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Last week (World Disarmament Week) I was invited to the unveiling of The Stone Bomb, a refurbished memorial against the use of air warfare, which Sylvia Pankhurst originally commissioned in 1935. Sylvia had initially gone to live in the East End in 1912 to galvanise working class support for Votes for Women, but on seeing the terrible living and working conditions of the poor, realised she also needed to be their champion. And when war broke out she stayed to help the poor. She saw at first hand the world’s first air-raid, a Zepplin attack on the East End in 1915, and saw the terrible loss of life, suffering and damage perpetrated from the air for the following three years. Sylvia’s part of the East End, got hit particularly badly as it makes up the bulge in the U-bend in the Thames where it flows around the Isle of Dogs, which told the Germans (in both wars) they had reached the London Docks and should now start dropping their bombs. Twenty years after that Zepplin raid, the Stone Bomb was Sylvia’s response to the appalling atrocities perpetrated from the air by the Italian fascists against Ethiopia. Atrocities that the rest of the world, Britain included, closes their eyes to. Not our finest hour. The Grade 2 listed, Eric Benfield designed memorial stands in Woodford Green, where Sylvia moved to from the East End in 1924, outside where her Red Cottage once stood (originally Rose Cottage but Sylvia changed it to Red of course!). Since Sylvia left Woodford to live in Ethiopia in 1956, the memorial had been rather neglected, and had had even become confusingly known as the Anti Abyssian war memorial (google it and you’ll see what I mean). What could be further from the truth! Sylvia never even referred to Ethiopia by its old name. So it was great to see it refurbished, with a nice plaque about Sylvia added.

There were several speakers to mark the occasion. Star of the show was the lead speaker, historian Katherine Connelly, who has recently written a biography of Sylvia. She spoke with such eloquence, intelligence and passion (my blood ran cold listening to her) about the story behind the Stone Bomb, that it could have been the young Miss Pankhurst herself speaking. The great peace campaigner Bruce Kent also spoke as impressively as ever and he had the honour of unveiling the memorial and plaque. Linda Perham, ex local mayor and ex MP for Ilford North, and the event’s organiser, the wonderful Susan Homewood of the Sylvia Pankhurst Trust, also spoke well.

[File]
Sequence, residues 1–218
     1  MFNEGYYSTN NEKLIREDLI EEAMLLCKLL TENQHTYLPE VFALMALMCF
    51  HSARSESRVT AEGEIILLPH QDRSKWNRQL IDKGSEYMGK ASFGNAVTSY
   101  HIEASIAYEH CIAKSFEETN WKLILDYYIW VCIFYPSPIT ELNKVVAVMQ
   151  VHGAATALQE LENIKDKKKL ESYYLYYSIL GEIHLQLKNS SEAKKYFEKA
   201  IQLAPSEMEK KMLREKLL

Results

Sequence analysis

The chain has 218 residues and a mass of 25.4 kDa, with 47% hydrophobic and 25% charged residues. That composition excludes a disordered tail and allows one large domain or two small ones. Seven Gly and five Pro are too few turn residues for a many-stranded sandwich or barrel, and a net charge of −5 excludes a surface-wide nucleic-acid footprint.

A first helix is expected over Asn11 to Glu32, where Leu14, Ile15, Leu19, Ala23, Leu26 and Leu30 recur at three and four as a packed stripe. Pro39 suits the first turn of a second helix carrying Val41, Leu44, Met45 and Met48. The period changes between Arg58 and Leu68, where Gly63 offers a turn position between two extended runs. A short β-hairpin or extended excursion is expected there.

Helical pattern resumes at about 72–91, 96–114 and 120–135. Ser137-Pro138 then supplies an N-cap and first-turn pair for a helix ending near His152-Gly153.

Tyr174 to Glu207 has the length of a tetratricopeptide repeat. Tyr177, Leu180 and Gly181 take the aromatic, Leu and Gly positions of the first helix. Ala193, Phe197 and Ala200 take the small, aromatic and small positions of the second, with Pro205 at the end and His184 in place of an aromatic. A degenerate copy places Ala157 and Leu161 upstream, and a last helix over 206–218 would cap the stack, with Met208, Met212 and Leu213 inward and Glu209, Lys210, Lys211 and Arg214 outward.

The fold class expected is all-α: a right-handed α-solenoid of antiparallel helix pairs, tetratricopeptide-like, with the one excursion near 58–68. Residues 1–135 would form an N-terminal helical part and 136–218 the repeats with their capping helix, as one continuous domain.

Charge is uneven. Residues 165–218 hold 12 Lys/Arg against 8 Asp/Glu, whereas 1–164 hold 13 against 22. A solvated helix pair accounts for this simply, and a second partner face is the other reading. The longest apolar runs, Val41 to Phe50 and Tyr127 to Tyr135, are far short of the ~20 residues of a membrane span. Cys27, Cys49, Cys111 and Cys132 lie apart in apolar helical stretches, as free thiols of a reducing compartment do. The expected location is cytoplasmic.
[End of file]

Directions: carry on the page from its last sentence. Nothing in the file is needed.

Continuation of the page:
Local MP, Ian Duncan-Smith also spoke. He arrived only just before he was due to speak so missed Katherine Connelly’s spine-tingling speech. In contrast his was delivered with the air of a man just doing his constituency duty, and with awkward smiles & handshakes duly exchanged and photographs taken, he was gone (had the chauffeur kept the engine running?). But to be fair he does support the arts in his constituency and it was good of him to come. After all, if Sylvia was around today she would be his nemesis.

A good size audience were in attendance but members of the press were conspicuous by their absence. The media always avoid all things Suffragette like the plague. Take their coverage of World War One. They’ve covered pretty much every aspect of the Great War over the past year, except one. Women finally winning the vote during the war. It would seem they have got it into their head that Suffragettes were terrorists and who wants to show terrorists as courageous freedom fighters in this day and age? But the media don’t even cover the non militant Suffragists, who in terms of numbers, made up the bulk of the fight for the vote for women. At the outbreak of war, Mrs Pankhurst’s Suffragette WSPU were down to just 2,000 members, but there were 20 other sizeable non militant women’s suffrage societies including the 100,000 strong NUWSS. The media appear not to realise this. They need a history lesson!

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